Being at first desirous of personally conversing with one of these men, I surrendered myself to a certain Stoic; and having spent a considerable time with him, when I had not acquired any further knowledge of God (for he did not know himself, and said such instruction was unnecessary), I left him and betook myself to another, who was called a Peripatetic, and as he fancied, shrewd. And this man, after having entertained me for the first few days, requested me to settle the fee, in order that our intercourse might not be unprofitable. Him, too, for this reason I abandoned, believing him to be no philosopher at all. But when my soul was eagerly desirous to hear the peculiar and choice philosophy, I came to a Pythagorean, very celebrated—a man who thought much of his own wisdom. And then, when I had an interview with him, willing to become his hearer and disciple, he said, 'What then? Are you acquainted with music, astronomy, and geometry? Do you expect to perceive any of those things which conduce to a happy life, if you have not been first informed on those points which wean the soul from sensible objects, and render it fitted for objects which appertain to the mind, so that it can contemplate that which is honourable in its essence and that which is good in its essence?' Having commended many of these branches of learning, and telling me that they were necessary, he dismissed me when I confessed to him my ignorance. Accordingly I took it rather impatiently, as was to be expected when I failed in my hope, the more so because I deemed the man had some knowledge; but reflecting again on the space of time during which I would have to linger over those branches of learning, I was not able to endure longer procrastination. In my helpless condition it occurred to me to have a meeting with the Platonists, for their fame was great. I thereupon spent as much of my time as possible with one who had lately settled in our city, —a sagacious man, holding a high position among the Platonists,—and I progressed, and made the greatest improvements daily. And the perception of immaterial things quite overpowered me, and the contemplation of ideas furnished my mind with wings, so that in a little while I supposed that I had become wise; and such was my stupidity, I expected immediately to look upon God, for this is the end of Plato's philosophy.

CHAPTER 3 - PART I

Justin narrates the manner of his conversion.

    Justin: And while I was thus disposed, when I wished at one period to be filled with great quietness, and to shun the path of men, I used to go into a certain field not far from the sea. And when I was near that spot one day, which having reached I purposed to be by myself, a certain old man, by no means contemptible in appearance, exhibiting meek and venerable manners, followed me at a little distance. And when I turned round to him, having halted, I fixed my eyes rather keenly on him.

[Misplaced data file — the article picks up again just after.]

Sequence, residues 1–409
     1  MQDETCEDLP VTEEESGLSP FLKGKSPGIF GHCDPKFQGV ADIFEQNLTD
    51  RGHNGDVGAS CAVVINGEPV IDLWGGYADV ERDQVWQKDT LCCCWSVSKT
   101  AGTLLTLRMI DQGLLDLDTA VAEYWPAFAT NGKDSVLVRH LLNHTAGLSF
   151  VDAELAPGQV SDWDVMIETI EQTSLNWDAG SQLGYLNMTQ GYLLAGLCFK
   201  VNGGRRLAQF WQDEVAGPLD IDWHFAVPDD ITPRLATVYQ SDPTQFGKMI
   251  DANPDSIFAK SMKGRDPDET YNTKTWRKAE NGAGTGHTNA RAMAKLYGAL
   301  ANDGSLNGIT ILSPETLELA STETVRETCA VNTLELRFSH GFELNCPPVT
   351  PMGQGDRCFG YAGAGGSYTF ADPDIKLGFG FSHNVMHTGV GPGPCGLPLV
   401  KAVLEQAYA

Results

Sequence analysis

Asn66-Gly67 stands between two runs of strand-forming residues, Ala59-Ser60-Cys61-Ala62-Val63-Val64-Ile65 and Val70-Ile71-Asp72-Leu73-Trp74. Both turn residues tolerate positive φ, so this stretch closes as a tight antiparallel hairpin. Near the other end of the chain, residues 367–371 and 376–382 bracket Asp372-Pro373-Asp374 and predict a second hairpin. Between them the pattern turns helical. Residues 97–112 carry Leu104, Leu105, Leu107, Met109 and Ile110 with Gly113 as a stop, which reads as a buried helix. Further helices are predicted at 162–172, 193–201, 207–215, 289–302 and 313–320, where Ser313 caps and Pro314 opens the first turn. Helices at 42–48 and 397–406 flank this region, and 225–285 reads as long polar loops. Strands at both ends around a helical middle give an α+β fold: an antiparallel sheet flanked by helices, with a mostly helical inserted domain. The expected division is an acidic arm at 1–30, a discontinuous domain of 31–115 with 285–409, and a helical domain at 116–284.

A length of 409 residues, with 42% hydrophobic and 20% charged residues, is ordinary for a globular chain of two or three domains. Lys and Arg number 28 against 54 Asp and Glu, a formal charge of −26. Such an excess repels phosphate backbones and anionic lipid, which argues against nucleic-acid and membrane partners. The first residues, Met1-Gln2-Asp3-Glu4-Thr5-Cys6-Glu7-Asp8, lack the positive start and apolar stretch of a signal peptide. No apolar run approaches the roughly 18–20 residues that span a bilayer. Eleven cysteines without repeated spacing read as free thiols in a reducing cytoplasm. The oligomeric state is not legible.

Old Man: Do you know me?

        Justin: No.

        Old Man: Why, then, do you so look at me?

        Justin: I am astonished, because you have chanced to be in my company in the same place; for I had not expected to see any man here.

        Old Man: I am concerned about some of my household. These are gone away from me; and therefore have I come to make personal search for them, if, perhaps, they shall make their appearance somewhere. But why are you here?

        Justin: I delight in such walks, where my attention is not distracted, for converse with myself is uninterrupted; and such places are most fit for philology.

        Old Man: Are you, then, a philologian, but no lover of deeds or of truth? And do you not aim at being a practical man so much as being a sophist?

        Justin: What greater work could one accomplish than this, to show the reason which governs all, and having laid hold of it, and being mounted upon it, to look down on the errors of others, and their pursuits? But without philosophy and right reason, prudence would not be present to any man. Wherefore it is necessary for every man to philosophize, and to esteem this the greatest and most honourable work; but other things only of second-rate or third-rate importance, though, indeed, if they be made to depend on philosophy, they are of moderate value, and worthy of acceptance; but deprived of it, and not accompanying it, they are vulgar and coarse to those who pursue them.

        Old Man (Interrupting): Does philosophy, then, make happiness?

        Justin: Assuredly, and it alone.

        Old Man: What, then, is philosophy? And what is happiness? Pray tell me, unless something hinders you from saying.

        Justin: Philosophy, then, is the knowledge of that which really exists, and a clear perception of the truth; and happiness is the reward of such knowledge and wisdom.

        Old Man: But what do you call God?

        Justin: That which always maintains the same nature, and in the same manner, and is the cause of all other things—that, indeed, is God.
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'Flores apparuerunt in terra nostra. . . Fulcite me floribus. (The flowers appear on the earth. . . stay me up with flowers. Sg 2:12,5)